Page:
Anyone with an interest in Japan should learn a little Japanese, I really believe. Daily life is much better when you know a few key phrases: Hello. My name is. Please. May I? No really, please. Why not? Oh come on, please. You sure? Last chance. Well fine, be that way. Sorry for causing a scene. Even if I pay you? No? Hmph, well I didn’t want to anyway.
But when I say “a little” of the language, I mean it. Beyond a handful of survival sentences, you should give a really good think to whether or not you want to continue learning Japanese.
So this is Phase II of the Japanese Rule of 7 Learn Some Japanese project. Phase I was here. Phase III? Well, okay I haven’t written that yet. Hey, what can I say, I’m lazy. Anyway, where were we? Oh yeah, Phase II. The “selection” phase. For this, you’re going to want to find yourself a really tall mountain. The taller the better, preferably with a sturdy pine tree. Climb to the mountaintop and sit there. If there is a pine tree, then climb to the top of that and sit there instead. Then stay there for exactly one week. You should probably pack some sandwiches, now that I think about it, and maybe some beers too. Just think how refreshing they’d be. And while you’re there with your pine cones and sandwiches and beer, ask yourself: Do I really want to study Japanese? No, really. Because here’s what it’s all about.
It’s Going to Take Time. A Really Freaking Long Time
I want to tell the world that learning Japanese is easy and fun. Because that would be great and the world would like that, and then I could sell the world some secret method that I dreamed up and I’d be rich and the world would be happy. But on a scale of 1 to Hot-Tub-at-the-Playboy-Mansion, learning Japanese slots in somewhere between soldering together your own black-and-white TV and copying the Bible by hand while wearing a Medieval monk outfit. Plus, it takes a long time.
Look, everyone thinks they can learn Japanese quickly, fueled in part, no doubt, by the number of websites claiming to help you do so if you buy their products. But honestly, when I look at the very few people I actually know who’ve succeeded, it’s clear why. They got up at 4 a.m. every morning to do speaking drills, or wrote 50,000 flash cards, or went to language school five hours a day. Myself, I can honestly say I’ve spent at least 4,000 hours actively studying, and that’s not counting watching Japanese movies, singing karaoke, having conversations all day long in Japanese, and working in Japan.
Part of the problem lies with ever-loftier goals. At first, I thought it would be enough just to master some survival phrases. But every time I met someone, they asked me questions I couldn’t answer. So I learned more, until I could finally have a conversation. Then I wanted to have a longer, more interesting conversation, until eventually I realized what I really needed was to make myself understood in both speech and writing at roughly the same level I’m at in English. In other words, even fluency wasn’t enough. It’s a little bit like putting yourself through high school and college all over again, alone, in Japanese.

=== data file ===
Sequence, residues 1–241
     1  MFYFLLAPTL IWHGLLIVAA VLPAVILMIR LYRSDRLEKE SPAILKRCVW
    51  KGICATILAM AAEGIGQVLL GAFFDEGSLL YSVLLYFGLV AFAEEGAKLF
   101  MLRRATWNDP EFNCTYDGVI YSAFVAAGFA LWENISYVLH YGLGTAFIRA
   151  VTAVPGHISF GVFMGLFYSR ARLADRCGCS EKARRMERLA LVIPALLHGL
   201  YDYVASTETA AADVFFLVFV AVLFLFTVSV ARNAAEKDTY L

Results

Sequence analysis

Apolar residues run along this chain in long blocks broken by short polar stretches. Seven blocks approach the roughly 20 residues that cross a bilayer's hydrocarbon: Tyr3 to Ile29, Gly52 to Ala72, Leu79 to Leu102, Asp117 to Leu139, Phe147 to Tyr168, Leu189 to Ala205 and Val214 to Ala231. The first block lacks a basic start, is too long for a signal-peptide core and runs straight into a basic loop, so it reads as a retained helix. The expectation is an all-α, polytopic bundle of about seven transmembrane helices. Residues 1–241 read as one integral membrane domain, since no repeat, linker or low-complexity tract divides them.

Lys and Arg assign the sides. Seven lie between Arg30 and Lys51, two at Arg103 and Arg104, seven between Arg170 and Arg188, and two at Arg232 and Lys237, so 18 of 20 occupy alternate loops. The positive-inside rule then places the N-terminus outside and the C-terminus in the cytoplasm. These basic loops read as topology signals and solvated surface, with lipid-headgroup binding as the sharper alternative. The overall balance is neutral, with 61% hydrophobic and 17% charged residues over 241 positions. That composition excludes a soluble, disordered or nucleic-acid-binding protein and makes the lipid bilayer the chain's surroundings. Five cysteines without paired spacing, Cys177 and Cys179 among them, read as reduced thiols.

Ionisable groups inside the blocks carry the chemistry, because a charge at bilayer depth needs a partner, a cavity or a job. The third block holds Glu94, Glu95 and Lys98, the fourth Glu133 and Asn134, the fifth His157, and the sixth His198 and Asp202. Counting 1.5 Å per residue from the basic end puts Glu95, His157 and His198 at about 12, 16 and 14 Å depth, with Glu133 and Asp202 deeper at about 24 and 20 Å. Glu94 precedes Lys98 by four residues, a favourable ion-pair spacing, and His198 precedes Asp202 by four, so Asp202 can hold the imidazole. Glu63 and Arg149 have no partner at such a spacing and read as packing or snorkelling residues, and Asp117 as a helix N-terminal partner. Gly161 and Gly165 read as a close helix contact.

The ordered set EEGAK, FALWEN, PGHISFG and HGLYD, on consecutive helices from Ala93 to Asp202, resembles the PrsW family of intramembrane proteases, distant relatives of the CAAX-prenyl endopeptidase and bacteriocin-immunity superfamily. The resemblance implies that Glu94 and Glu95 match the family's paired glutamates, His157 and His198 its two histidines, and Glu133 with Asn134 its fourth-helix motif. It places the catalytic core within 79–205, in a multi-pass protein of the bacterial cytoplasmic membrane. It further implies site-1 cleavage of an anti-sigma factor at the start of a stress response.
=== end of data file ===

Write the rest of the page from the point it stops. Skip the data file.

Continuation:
If I had to say how long it would take to get reasonably good at Japanese, I’d estimate a minimum of 3 to 7 years, and possibly much more, depending upon how much time you devote and how many advantages you bring to the table.
Safe Return Doubtful
Of the hundreds of people I’ve seen study Japanese over the years, only about 10 succeeded in speaking the language with any level of competency. The rest eventually stopped. You might want to give some thought to undertaking a project with a higher dropout rate than that oShackletonf the Navy SEALs. Just saying.
Of course, you can spend the years of your life any way you like, but it seems a shame to buy a cookbook, go to the store for eggs, flour and a cake pan, come home and mix up a batter, put it in the oven, and then half an hour later yank open the oven and throw the whole thing out the window. In other words, either bake the cake or do not. There is no try. Pretty sure Yoda said that.
Most people seem to last about a year and a half. They’re all balls-out at the start, and then after several months it dawns on them that it’s a much bigger task than they were led to believe. So be aware of how long it’s going to take. If you want to spend the years, you absolutely can do it. But think about whether you want to spend a decade on Japanese before you set out. Doing it halfway seems kind of a waste of time.
This is a term economists use to make you feel bad about your behavior. If you spent $10 on a delicious dinner, well, see there Ken, that’s $10 you could have invested in the stock market, and now you’d be rich and could have two delicious dinners. That kind of stuff.